M: We gang up. In the winter we hang out in large groups and forage for food together. I’m a social butterfly, really. If you see one magpie, there are likely others close by. We like to roost in pine trees, which keeps us safe from the wind and predators.

A: What kind of predators do you look out for?

M: Lots of things, hawks, owls and coyotes. Crows, ravens, raccoons, and cats will also eat my eggs and babies. If I let them, that is.

A: How do you protect your chicks from all this murder and mayhem?

M: It’s all in the nest. I build a little mud cup to hold the eggs, and my mate surrounds it with a scaffolding of branches. This keeps out unwanted visitors. The whole construction is around 50cm tall and 70cm wide, and takes us five to seven weeks to build.

Photo by Bryant Olsen. Magpies working on a nest. CC. https://flic.kr/p/4whb1w

Photo by Bryant Olsen. Magpies working on a nest. CC. https://flic.kr/p/4whb1w

A: Wow, that’s quite an investment!

M: Yep. Most nests will last a good four years. Even so, we build a new nest every year.

A: Why not use the old one?

M: Because someone usually steals it! Usually squirrels and other birds. That’s the price of building a solid nest, I guess.

A: I have another question. Why do you harass my poor cat?

M: Because she’s a predator! Over time we’ve found that offence is the best defense. If I see a predator like a hawk or coyote, I’ll call my friends and they’ll help me drive it away.

A: I guess that makes sense. Life can be dangerous for a magpie.

M: You bet! I only expect to live about two years. Males do a bit better with 3.5.

A: Gosh. I’m sorry, I didn’t realize.

M: Don’t worry your head about it. When I die, a huge crowd of magpies will perch around me, and call loudly to each other before flying off silently.

A: Yes, I’ve heard about that. Scientists don’t know why you gather around dead magpies. Care to share?

M: Nope. Magpie secret.

A: Fair enough. Okay, one more question. Why is your tail so long? It’s longer than the rest of your body.

M: Well, because it looks divine! More importantly, we use it as a rudder to make quick twists and turns in the air. We can’t fly very fast, so quick maneuvers are the only we can avoid being caught by a hawk or owl.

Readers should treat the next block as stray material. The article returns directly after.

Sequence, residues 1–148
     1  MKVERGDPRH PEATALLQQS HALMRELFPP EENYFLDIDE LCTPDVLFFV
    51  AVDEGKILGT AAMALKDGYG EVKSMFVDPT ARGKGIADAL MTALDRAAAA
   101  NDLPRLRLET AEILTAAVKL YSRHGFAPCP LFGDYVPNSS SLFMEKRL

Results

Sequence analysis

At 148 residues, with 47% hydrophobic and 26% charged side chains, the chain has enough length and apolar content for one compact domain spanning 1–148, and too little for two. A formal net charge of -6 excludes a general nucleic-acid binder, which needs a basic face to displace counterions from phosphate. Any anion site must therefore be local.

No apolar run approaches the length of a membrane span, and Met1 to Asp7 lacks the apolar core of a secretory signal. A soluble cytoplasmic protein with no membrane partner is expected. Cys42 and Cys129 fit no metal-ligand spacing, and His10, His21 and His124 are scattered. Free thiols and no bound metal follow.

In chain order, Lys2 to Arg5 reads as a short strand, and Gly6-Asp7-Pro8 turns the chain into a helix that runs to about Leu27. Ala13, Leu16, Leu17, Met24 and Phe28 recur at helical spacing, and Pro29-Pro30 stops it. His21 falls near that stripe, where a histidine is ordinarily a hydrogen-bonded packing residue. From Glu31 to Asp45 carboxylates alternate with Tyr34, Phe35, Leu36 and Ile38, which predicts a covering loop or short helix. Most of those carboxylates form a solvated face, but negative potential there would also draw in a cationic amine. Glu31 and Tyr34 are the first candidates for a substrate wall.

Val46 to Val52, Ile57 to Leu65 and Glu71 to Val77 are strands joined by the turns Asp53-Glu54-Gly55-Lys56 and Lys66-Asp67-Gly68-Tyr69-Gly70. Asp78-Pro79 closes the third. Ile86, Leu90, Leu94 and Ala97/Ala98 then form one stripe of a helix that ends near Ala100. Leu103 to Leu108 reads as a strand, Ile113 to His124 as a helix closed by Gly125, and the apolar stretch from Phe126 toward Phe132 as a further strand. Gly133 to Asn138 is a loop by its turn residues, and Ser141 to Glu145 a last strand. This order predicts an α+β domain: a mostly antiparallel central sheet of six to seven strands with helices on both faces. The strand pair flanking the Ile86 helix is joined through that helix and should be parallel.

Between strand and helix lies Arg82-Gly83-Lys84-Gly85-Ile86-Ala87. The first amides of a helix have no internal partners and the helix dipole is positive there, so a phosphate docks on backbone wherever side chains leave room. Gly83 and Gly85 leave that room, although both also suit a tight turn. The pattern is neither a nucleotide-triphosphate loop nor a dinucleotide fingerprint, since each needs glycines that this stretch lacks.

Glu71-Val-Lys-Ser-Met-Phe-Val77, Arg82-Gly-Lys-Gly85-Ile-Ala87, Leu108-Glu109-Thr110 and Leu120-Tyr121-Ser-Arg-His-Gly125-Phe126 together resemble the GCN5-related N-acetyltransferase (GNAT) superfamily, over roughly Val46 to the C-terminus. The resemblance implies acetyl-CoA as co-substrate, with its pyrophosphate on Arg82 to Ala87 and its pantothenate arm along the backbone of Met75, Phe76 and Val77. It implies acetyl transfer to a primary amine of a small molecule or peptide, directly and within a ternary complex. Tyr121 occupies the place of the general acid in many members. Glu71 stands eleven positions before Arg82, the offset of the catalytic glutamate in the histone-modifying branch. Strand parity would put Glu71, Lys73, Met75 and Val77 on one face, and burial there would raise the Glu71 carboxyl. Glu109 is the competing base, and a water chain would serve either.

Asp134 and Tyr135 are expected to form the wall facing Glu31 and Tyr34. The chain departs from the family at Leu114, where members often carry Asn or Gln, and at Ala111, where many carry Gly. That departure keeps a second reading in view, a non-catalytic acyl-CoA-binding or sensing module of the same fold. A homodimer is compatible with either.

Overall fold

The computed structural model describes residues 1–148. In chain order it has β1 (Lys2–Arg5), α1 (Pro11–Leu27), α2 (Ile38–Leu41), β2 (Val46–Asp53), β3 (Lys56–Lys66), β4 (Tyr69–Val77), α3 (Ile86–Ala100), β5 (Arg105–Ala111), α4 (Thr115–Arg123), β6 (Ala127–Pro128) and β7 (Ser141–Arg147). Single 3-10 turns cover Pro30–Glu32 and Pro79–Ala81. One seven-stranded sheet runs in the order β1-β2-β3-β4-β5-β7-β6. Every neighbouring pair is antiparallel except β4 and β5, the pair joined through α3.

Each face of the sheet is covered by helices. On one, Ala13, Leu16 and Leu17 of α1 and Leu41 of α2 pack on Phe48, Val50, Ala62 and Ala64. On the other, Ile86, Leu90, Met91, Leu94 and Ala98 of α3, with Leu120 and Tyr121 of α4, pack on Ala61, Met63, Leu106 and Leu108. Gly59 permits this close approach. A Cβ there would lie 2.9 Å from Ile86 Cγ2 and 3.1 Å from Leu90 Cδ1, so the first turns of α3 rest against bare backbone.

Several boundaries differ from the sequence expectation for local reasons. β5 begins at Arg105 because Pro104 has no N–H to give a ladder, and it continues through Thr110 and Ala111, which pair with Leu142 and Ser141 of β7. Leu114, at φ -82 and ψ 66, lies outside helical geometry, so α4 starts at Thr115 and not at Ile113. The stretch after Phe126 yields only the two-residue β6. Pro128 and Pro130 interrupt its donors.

Magpies use their long tails like a rudder. Photo by Chuck Roberts. Black-billed Magpie. CC. https://flic.kr/p/aYnX7x

Magpies use their long tails like a rudder. Photo by Chuck Roberts. Black-billed Magpie. CC. https://flic.kr/p/aYnX7x

A: Makes sense. Thanks for speaking with me.

M: Anytime, darling. Just keep leaving those garbage bags out.

 

References

Devlin, Hannah. Aug 16, 2014. Experiment takes the shine off thieving magpie myth. The United Kingdom Times, p 20.

http://www.thecanadianencyclopedia.ca/en/article/magpie/

http://www.allaboutbirds.org/guide/black-billed_magpie/lifehistory

http://www.biokids.umich.edu/critters/Pica_hudsonia/

http://www.birdwatchireland.ie/Advice/FAQ/MagpieFAQ/tabid/374/Default.aspx

http://www.torontozoo.com/ExploretheZoo/AnimalDetails.asp?pg=546

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About Amelia

I am a recent biology graduate and current journalism student exploring career opportunities in science communications.

3 responses to “Interview with a black-billed magpie

  1. Sakib

    Magpies are fantastic.

  2. Hi Adriana,

    Thank you! I didn’t know that they scare away pigeons. Keep enjoying those magpies!

  3. Adriana

    Hi Amelia,
    I just read your interview with this lovely bird. I have 2 magpies visiting my balcony every day, so I appreciate their strength and beauty. Also, without knowing they help me to scare away the pigeons (which I hate), so I’m helping them and they are helping me 🙂 Keep up making this lovely stories. Cheers,
    Adriana